Pumpkin Chili with Chicken
Pumpkin Chili with Chicken
If you live in the US, you may regard pumpkins primarily as an ornamental squash, and use them to decorate your home for fall or carve into a jack-o-lantern on Halloween. However, the vast majority of pumpkins are grown not for ornamental use but for eating.
Most pumpkin that is processed is made into canned pumpkin and canned pumpkin pie mix, but you can also purchase fresh “pie” pumpkins and puree the flesh yourself. There is, of course, far more to do with pumpkin than make pumpkin pie.
In fact, recent food trends show that the most popular pumpkin dish – by a landslide – is actually pumpkin curry (coming in at 54 percent of orders compared to just 3 percent for pumpkin pie).
If you’re looking to try something new for lunch or dinner, and you want to add in the seasonal (and nutrient-rich) flavor of pumpkin, try the warming pumpkin chili with chicken recipe that follows. It’s perfect for a cool autumn day.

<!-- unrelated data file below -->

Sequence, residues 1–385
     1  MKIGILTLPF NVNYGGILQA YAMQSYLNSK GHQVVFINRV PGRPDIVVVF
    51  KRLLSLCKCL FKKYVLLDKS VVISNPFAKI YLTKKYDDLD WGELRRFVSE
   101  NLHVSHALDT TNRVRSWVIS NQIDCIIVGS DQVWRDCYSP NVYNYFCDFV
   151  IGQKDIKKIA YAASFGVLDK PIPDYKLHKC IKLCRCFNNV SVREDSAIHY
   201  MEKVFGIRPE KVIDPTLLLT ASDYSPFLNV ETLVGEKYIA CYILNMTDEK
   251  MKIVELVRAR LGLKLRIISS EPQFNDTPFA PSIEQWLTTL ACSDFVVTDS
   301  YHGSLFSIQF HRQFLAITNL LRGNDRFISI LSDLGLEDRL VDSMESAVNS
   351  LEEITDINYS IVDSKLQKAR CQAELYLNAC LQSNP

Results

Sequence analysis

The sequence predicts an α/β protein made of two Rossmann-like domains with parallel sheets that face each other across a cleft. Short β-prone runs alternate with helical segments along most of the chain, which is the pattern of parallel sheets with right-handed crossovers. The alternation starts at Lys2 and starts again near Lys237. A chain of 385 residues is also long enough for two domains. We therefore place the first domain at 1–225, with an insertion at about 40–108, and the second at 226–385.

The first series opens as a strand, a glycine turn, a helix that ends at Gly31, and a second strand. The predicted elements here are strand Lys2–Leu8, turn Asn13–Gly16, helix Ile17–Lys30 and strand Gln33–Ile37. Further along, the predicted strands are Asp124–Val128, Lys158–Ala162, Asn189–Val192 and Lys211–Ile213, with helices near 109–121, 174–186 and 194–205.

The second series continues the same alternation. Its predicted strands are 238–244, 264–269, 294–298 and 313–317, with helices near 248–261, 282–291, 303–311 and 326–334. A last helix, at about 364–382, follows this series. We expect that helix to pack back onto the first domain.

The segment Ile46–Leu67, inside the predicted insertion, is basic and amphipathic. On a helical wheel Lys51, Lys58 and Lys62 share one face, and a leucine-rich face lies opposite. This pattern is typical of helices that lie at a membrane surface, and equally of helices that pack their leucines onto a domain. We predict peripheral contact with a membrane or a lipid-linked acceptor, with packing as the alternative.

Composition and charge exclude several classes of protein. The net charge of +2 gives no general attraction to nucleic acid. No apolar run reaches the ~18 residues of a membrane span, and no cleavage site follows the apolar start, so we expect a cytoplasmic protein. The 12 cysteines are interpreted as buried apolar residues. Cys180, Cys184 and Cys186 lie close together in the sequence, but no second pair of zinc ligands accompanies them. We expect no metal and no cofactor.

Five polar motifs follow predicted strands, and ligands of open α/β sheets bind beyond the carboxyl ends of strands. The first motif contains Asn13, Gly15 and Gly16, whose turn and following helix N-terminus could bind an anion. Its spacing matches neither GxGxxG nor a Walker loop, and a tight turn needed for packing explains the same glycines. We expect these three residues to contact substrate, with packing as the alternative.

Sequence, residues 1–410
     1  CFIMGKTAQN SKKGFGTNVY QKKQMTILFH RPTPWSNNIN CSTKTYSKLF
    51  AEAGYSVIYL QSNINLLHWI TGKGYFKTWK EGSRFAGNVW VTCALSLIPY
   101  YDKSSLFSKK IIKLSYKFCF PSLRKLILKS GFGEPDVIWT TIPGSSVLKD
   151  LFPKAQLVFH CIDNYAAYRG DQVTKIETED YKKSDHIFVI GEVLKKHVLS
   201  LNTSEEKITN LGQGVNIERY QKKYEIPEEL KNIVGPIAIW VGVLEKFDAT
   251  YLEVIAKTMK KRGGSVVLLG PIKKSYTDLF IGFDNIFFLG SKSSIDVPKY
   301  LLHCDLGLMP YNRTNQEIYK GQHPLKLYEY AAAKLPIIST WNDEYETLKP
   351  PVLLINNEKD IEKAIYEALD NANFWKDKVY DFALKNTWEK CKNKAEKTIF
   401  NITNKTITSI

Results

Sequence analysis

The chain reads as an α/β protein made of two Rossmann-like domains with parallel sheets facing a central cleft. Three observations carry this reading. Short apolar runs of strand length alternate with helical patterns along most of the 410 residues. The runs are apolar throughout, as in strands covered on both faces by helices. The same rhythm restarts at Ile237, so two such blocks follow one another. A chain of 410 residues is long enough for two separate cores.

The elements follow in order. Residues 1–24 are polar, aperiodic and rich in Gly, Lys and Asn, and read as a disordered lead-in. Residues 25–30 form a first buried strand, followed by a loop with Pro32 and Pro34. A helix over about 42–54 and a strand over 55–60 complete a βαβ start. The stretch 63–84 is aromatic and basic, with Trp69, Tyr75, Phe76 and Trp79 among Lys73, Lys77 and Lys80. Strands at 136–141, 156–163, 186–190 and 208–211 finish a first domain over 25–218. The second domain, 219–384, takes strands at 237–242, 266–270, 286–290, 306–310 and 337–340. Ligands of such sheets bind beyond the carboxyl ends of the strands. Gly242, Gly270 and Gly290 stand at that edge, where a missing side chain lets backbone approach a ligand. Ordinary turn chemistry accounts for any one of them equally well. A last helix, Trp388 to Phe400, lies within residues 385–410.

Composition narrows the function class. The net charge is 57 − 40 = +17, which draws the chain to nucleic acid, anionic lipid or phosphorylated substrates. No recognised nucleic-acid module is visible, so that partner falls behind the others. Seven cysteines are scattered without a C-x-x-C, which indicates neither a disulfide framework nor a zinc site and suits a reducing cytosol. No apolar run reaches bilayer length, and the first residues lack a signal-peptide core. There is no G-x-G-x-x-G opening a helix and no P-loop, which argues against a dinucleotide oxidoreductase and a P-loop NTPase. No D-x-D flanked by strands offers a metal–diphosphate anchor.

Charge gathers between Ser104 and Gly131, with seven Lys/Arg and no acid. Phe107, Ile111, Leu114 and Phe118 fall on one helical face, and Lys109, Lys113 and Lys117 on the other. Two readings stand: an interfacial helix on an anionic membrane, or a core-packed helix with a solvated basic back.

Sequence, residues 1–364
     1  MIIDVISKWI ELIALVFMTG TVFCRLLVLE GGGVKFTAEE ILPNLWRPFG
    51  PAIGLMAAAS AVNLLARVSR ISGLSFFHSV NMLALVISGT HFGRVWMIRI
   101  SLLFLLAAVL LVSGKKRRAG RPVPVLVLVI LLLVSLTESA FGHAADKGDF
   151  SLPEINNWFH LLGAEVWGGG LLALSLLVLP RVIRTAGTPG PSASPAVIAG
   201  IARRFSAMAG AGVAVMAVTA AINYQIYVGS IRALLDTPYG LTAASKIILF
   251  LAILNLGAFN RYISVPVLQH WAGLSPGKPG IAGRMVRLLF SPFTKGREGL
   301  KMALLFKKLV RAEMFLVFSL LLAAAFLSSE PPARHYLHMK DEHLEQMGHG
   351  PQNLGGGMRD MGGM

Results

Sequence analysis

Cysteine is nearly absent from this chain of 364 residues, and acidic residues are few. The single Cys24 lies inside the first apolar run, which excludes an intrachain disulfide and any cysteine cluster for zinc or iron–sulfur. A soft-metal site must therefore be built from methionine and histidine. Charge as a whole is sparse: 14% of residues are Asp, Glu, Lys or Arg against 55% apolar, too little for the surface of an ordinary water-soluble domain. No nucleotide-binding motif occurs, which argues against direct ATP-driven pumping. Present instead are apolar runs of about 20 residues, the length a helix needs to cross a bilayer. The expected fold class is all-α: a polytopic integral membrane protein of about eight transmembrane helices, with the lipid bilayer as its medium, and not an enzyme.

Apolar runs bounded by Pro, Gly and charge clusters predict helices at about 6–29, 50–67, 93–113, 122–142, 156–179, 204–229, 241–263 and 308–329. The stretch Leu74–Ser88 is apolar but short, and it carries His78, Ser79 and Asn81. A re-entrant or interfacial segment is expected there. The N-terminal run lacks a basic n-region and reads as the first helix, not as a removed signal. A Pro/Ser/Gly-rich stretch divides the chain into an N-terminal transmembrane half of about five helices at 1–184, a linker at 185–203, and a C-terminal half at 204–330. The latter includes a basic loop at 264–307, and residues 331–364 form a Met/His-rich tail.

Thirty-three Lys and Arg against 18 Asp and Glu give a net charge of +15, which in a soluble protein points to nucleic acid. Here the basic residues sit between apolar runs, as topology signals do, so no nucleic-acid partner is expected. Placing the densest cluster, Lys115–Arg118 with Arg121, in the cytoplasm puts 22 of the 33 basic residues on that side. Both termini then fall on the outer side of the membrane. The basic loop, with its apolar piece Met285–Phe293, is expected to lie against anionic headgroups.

|Healthy Pumpkin Chili with ChickenIngredients
The Impressive Nutrient Power of Pumpkins
Pumpkin, with its bright or deep orange color, is an excellent source of carotenoids, including beta-carotene (which converts into vitamin A in your body). One cup of pumpkin contains more than 200 percent of your recommended daily intake of vitamin A, which is beneficial for your vision3 and more.
As an antioxidant, beta-carotene helps protect your body from disease-causing free radicals while boosting immune function. Further, research shows that people who eat four or more daily servings of beta-carotene-rich foods may lower their risk of heart disease and cancer.
Pumpkin is also rich in fiber, with three grams in a one-cup serving. Fiber can help control your blood sugar levels, improve skin health, lower hemorrhoid risk, and provide relief from irritable bowel syndrome… along with help you maintain a healthy weight and proper digestion.
Other notable nutrients in pumpkin include vitamin C, potassium, riboflavin, copper, and manganese, along with vitamin E, B vitamins, folate, iron, and phosphorus. Taken together, pumpkin provides a powerful blend of nutrients that work together to synergistically benefit your health. As reported in Nutrition Research Reviews:5